This, of course, raises issues over the availability of private sector lending. But with new funders, such as financial services group Aviva, recently entering the market for BSF, there does look to be some hope here – particularly if PFIs are structured to lessen the initial risk for the lender by making loans shorter term. Pollard believes the government could help in attracting more lenders to the market: “The government could put tension into the system, maybe with accreditation for banks that lend to social schemes at better rates.”

The other main problem with relying on PFI is that, although the government has so far resisted international moves to put PFI loans onto its balance sheet, it may not be able to do so for much longer. However, David Long, a partner in Davis Langdon, says: “My sense is they’re trying to keep elbow room for a point at which some other avenues of capital expenditure are not available.”

Remodelling the PFI

One model that could be employed to offset a reduction in PFI lending is debt finance that does not have a government guarantee. It is understood that some of the colleges that had their projects put on ice after the Learning and Skills Council exceeded its budget by more than 150% are considering this model (see box).

EC Harris’ Bowyer says: “There’s a lot of talk around the further education sector about ways of self-funding through some form of PFI or public–private partnership. It would need to be some sort of hybrid that could work without government PFI credits, where developers or investors could partly fund a project.”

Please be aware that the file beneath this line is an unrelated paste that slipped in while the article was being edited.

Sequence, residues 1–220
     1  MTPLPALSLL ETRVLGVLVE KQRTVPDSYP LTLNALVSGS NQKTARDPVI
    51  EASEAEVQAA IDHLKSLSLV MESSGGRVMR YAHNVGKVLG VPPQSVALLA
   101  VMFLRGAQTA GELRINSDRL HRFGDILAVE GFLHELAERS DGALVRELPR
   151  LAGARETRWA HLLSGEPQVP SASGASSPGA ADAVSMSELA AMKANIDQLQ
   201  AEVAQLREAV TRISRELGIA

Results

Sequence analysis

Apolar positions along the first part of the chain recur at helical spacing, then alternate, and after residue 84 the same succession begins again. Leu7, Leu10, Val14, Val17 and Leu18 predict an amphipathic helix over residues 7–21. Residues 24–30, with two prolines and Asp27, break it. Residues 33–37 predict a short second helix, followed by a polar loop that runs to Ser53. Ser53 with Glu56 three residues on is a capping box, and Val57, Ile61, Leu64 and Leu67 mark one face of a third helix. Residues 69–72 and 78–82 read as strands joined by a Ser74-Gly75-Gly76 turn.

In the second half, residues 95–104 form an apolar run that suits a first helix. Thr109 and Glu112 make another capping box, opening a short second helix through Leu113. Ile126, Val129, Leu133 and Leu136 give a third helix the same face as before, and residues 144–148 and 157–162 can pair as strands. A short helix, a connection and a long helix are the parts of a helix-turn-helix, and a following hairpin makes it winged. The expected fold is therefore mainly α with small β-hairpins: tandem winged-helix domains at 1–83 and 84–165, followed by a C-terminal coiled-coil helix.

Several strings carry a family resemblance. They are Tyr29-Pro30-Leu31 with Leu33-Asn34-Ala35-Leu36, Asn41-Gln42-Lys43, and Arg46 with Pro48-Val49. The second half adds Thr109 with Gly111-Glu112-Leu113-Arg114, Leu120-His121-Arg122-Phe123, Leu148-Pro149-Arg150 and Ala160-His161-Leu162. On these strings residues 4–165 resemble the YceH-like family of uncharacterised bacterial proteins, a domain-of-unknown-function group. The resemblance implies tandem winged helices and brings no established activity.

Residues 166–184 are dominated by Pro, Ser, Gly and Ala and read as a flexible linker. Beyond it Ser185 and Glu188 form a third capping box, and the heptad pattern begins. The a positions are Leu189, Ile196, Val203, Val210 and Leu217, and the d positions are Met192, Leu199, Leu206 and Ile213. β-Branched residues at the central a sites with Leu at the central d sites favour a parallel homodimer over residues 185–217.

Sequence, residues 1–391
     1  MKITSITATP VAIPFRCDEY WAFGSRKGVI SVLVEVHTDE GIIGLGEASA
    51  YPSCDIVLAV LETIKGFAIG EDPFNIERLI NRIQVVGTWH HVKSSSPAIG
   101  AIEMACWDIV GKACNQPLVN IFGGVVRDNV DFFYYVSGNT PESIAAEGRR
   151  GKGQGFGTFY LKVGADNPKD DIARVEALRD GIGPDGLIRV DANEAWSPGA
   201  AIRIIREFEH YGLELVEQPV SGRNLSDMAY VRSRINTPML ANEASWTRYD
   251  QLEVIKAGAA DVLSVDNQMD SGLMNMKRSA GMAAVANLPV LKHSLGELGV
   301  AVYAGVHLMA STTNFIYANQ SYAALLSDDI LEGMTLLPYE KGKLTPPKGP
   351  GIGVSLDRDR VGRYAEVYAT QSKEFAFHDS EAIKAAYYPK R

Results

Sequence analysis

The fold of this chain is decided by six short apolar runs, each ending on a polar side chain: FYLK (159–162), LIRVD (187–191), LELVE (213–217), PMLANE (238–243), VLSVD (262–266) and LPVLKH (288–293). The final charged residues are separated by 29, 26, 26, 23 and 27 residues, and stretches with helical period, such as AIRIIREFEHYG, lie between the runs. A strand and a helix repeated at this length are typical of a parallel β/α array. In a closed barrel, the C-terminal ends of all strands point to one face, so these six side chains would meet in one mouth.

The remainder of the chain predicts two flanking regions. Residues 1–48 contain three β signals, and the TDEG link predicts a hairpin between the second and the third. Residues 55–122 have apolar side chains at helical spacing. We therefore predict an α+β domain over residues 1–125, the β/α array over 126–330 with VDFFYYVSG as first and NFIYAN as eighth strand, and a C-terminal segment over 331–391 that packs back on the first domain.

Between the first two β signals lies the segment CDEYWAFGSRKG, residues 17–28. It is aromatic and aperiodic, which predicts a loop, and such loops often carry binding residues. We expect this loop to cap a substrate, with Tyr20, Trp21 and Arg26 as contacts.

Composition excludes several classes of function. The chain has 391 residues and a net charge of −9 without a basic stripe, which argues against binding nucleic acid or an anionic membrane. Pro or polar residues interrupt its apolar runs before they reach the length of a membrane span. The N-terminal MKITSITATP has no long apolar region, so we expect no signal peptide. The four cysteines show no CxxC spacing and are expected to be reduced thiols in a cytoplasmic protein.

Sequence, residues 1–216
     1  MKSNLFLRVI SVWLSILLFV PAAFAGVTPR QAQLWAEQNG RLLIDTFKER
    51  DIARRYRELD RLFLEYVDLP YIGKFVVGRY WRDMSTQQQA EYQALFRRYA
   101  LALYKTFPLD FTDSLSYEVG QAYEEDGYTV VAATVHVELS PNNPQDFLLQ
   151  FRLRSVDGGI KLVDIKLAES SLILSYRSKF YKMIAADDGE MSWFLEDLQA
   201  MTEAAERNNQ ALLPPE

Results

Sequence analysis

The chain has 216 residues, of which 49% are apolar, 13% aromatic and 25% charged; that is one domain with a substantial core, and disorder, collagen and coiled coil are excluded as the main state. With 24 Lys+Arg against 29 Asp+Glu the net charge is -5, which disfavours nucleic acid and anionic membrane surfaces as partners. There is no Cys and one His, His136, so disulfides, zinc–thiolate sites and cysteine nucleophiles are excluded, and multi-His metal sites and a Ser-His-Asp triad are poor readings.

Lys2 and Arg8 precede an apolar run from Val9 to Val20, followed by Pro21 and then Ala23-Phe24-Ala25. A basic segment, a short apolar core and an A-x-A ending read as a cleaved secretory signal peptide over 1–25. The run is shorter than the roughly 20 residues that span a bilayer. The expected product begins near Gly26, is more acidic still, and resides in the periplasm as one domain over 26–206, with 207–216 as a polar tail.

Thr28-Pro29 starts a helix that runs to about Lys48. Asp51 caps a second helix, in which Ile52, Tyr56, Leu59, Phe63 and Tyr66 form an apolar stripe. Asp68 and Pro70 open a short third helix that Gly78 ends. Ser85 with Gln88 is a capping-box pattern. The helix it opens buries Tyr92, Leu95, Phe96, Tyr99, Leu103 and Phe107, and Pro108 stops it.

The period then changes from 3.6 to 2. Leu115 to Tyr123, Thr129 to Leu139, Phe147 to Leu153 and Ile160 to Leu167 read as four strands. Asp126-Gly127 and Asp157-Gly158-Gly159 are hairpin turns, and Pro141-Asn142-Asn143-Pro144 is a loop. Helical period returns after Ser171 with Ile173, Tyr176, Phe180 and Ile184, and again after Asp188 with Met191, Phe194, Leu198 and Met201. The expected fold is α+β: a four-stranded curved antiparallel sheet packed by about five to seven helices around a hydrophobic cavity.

Bowyer believes the model could be attractive to contractors with an investment arm, but there is an issue over the lack of a government guarantee, which may deter some lenders.

Self-funded development

Schools or colleges needing to boost government cash with their own reserves have traditionally raised money from land receipts or joint ventures with developers. Because of the slump in the property market, this is less feasible now; however, some developers are still investing in schools in more innovative ways.

There’s a lot of talk around the further education sector about ways of self-funding through some form of PFI or PPP

James bowyer, EC Harris

One example of this is the £16.4m St Thomas’ school in Kensington and Chelsea, which was completed in May after being funded by developer Places for People in partnership with the London Diocesan Board for Schools. The school had tried to get government funding for refurbishment, but was assessed at a low priority level.

The school commissioned Pollard Thomas Edward Architects to devise a scheme that involved leasing airspace above the building. Places for People developed the resulting complex using funds from the sale of 55 private homes built above it. The development also includes 14 affordable homes. Initially, there were concerns from governors about whether people in the apartments would be able to see into the playground, but screening prevents this. Entrances are also completely separate.

Tim Weightman, major projects director (London) at Places for People, believes the model could be used elsewhere. “It’s extremely cost-effective and delivers clear community benefits. The school is an important centre of the community, and we’ve been able to go way beyond the minimum guidelines set by the government for school design.

“We firmly believe that this funding model could be used on a wider basis, not only for schools but for doctors’ surgeries, libraries and other community infrastructure. We’re looking at opportunities to roll it out more widely.”

More refurbishments